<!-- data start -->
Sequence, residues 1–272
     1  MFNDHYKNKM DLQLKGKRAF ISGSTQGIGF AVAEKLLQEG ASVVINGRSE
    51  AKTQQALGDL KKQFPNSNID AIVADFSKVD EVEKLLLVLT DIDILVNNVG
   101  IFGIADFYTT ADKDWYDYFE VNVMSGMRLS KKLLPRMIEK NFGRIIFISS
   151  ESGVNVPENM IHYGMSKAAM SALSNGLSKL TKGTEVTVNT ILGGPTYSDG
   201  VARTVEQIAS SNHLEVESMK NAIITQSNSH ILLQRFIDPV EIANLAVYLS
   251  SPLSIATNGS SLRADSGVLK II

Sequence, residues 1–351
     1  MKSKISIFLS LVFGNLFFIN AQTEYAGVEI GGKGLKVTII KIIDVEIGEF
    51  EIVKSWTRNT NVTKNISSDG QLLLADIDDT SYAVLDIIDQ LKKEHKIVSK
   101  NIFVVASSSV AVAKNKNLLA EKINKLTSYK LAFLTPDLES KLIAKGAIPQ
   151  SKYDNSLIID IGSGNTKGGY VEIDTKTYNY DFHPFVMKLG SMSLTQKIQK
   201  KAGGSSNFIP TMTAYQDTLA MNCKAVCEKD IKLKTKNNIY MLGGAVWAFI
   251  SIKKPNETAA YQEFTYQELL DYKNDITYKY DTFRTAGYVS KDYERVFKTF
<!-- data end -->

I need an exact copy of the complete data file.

Sequence, residues 1–272
     1  MFNDHYKNKM DLQLKGKRAF ISGSTQGIGF AVAEKLLQEG ASVVINGRSE
    51  AKTQQALGDL KKQFPNSNID AIVADFSKVD EVEKLLLVLT DIDILVNNVG
   101  IFGIADFYTT ADKDWYDYFE VNVMSGMRLS KKLLPRMIEK NFGRIIFISS
   151  ESGVNVPENM IHYGMSKAAM SALSNGLSKL TKGTEVTVNT ILGGPTYSDG
   201  VARTVEQIAS SNHLEVESMK NAIITQSNSH ILLQRFIDPV EIANLAVYLS
   251  SPLSIATNGS SLRADSGVLK II

Sequence, residues 1–351
     1  MKSKISIFLS LVFGNLFFIN AQTEYAGVEI GGKGLKVTII KIIDVEIGEF
    51  EIVKSWTRNT NVTKNISSDG QLLLADIDDT SYAVLDIIDQ LKKEHKIVSK
   101  NIFVVASSSV AVAKNKNLLA EKINKLTSYK LAFLTPDLES KLIAKGAIPQ
   151  SKYDNSLIID IGSGNTKGGY VEIDTKTYNY DFHPFVMKLG SMSLTQKIQK
   201  KAGGSSNFIP TMTAYQDTLA MNCKAVCEKD IKLKTKNNIY MLGGAVWAFI
   251  SIKKPNETAA YQEFTYQELL DYKNDITYKY DTFRTAGYVS KDYERVFKTF